Other more widespread seabirds we can expect to see include Red-tailed Tropicbird, Great Frigatebird, Masked and Red-footed Boobies, Brown, Black, Blue and Grey Noddies plus White, Sooty and Great Crested Terns.  There are also two interesting shearwaters to look for during our voyage, with both Christmas and Tropical Shearwaters previously seen in these waters.  The ‘Tropicals’ here, however, are quite different from those in the Western Pacific and it is surely only a matter of time before a thorough taxonomic review splits this taxon into multiple species.

Itinerary

Day 1: Morning flight from Papeete to Mangareva.  Board vessel.

Days 2-14: Exploring the region - flexible itinerary.

Day 15: Disembark.  Flight from Mangareva to Papeete.


NB: As applies to all expedition cruises, the exact itinerary will be subject to weather and local conditions. All landings are subject to government and local permissions.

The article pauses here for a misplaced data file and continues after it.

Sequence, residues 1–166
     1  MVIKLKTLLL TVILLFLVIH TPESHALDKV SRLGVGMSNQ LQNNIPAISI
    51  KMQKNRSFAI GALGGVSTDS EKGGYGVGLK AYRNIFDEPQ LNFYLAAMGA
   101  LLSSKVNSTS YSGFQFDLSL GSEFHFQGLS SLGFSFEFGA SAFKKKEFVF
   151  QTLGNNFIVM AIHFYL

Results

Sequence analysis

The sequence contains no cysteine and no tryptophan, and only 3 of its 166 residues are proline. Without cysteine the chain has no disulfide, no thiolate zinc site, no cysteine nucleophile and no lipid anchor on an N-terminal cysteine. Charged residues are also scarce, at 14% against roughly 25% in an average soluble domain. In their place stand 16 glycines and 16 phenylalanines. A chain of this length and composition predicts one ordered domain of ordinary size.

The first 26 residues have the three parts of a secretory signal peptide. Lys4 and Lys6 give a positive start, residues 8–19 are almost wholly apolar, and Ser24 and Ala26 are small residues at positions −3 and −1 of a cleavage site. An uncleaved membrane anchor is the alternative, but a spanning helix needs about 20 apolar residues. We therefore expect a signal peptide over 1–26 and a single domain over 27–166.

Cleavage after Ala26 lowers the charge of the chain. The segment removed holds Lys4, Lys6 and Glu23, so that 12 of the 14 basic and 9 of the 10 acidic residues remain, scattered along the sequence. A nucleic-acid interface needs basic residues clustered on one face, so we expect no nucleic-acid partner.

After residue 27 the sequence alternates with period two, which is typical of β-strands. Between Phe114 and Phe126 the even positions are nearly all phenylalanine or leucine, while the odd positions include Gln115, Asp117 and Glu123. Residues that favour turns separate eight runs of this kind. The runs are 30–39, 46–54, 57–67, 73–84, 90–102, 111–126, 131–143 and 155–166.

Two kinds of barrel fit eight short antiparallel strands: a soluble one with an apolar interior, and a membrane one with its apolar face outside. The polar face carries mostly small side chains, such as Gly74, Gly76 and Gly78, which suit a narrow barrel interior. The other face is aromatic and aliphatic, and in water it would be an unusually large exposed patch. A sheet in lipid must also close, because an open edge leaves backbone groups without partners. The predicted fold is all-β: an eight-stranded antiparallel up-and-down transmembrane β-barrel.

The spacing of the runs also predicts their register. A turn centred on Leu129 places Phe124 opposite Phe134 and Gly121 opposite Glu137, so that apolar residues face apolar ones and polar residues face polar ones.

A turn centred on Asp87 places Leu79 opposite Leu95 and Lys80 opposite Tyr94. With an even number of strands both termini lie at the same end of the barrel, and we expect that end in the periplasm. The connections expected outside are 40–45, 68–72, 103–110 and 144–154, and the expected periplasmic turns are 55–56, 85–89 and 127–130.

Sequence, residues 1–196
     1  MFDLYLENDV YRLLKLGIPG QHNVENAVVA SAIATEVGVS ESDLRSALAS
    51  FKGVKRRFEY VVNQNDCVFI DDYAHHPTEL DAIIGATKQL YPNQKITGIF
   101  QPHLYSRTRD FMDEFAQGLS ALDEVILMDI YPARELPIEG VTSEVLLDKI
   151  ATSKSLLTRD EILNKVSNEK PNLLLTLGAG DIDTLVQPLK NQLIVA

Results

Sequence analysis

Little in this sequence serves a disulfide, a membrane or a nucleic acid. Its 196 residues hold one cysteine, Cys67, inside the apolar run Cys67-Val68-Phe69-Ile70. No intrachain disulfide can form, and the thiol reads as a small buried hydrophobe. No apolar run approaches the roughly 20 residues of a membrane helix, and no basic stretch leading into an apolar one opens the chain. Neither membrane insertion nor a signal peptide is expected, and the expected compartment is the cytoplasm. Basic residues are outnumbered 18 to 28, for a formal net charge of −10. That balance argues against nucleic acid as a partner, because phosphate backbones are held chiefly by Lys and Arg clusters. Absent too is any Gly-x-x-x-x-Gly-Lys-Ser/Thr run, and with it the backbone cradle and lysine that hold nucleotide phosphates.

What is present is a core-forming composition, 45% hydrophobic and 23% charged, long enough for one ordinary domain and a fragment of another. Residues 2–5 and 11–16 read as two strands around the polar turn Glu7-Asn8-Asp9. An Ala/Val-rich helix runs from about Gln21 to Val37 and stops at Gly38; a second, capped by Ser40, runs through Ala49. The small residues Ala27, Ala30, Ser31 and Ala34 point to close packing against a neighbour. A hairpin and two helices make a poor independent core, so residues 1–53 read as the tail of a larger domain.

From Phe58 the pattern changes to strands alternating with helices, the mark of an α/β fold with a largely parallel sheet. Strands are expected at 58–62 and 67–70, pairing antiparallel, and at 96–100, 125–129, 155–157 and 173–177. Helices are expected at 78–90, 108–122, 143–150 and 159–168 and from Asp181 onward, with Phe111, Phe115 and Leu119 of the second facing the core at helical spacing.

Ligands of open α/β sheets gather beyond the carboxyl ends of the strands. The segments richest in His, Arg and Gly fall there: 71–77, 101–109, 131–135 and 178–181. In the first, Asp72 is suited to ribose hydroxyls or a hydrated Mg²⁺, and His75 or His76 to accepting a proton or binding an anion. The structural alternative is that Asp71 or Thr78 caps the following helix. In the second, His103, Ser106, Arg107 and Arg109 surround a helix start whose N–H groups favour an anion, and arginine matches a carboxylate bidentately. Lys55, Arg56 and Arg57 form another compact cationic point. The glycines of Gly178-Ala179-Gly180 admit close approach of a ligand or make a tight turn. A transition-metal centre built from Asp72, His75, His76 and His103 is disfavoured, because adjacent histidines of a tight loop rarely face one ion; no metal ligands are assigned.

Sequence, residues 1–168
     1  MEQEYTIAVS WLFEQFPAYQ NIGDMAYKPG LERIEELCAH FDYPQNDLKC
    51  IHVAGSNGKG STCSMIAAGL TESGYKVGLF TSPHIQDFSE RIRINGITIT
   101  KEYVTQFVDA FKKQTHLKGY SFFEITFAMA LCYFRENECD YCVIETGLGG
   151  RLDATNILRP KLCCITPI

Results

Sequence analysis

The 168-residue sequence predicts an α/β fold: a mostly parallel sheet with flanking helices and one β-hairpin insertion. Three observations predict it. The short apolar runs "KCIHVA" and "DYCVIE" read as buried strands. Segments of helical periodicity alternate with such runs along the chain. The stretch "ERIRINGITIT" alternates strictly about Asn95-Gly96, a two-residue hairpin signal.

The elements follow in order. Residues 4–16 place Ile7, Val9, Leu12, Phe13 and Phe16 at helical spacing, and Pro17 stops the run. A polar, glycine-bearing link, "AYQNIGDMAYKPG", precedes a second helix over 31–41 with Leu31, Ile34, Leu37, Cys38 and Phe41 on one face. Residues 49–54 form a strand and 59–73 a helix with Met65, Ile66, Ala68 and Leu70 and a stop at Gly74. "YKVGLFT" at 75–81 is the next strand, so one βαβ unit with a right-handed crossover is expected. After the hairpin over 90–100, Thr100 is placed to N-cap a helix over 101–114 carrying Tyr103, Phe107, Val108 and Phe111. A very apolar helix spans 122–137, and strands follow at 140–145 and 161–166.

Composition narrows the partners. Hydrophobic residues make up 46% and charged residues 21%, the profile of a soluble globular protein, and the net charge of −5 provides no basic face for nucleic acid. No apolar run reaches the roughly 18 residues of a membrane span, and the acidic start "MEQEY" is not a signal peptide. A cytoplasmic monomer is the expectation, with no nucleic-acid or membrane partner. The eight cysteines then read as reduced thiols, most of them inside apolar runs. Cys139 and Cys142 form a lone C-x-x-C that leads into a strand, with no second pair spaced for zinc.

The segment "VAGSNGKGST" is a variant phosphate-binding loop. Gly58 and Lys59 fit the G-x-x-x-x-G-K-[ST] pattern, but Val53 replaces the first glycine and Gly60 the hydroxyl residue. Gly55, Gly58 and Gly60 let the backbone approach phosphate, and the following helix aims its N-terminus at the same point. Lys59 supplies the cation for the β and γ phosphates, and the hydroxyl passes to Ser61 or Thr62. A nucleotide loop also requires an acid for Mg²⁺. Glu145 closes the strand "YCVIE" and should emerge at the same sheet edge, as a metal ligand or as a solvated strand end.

Potential Seabirds (selected species only)

Seabirds: numerous petrels including Murphy's, Juan Fernandez, Kermadec, Herald, Phoenix, Gould's, Collared, Tahiti and Black. Wedge-tailed, Christmas and Tropical Shearwaters, Titan (White-bellied) and Polynesian Storm-petrels, Red-tailed and White-tailed Tropicbirds, Great and Lesser Frigatebirds, Masked, Red-footed and Brown Boobies, Brown, Black, Grey and Blue Noddies.

Potential Landbirds (selected species only)

Landbirds: Henderson Crake, Bristle-thighed Curlew, Tuamotu Sandpiper, Polynesian Ground Dove, Atoll and Henderson Fruit Doves, Long-tailed Cuckoo, Stephen's Lorikeet and Henderson and Pitcairn Reed Warblers.

Extension: Grey-green Fruit Dove, Tahiti Swiftlet, Tahiti Kingfisher, Tahiti Monarch and Tahiti Reed Warbler.

Potential Cetaceans (selected species only)

The following cetaceans have been seen on one or more of the previous expeditions: Humpback Whale, Blainville's Beaked-Whale.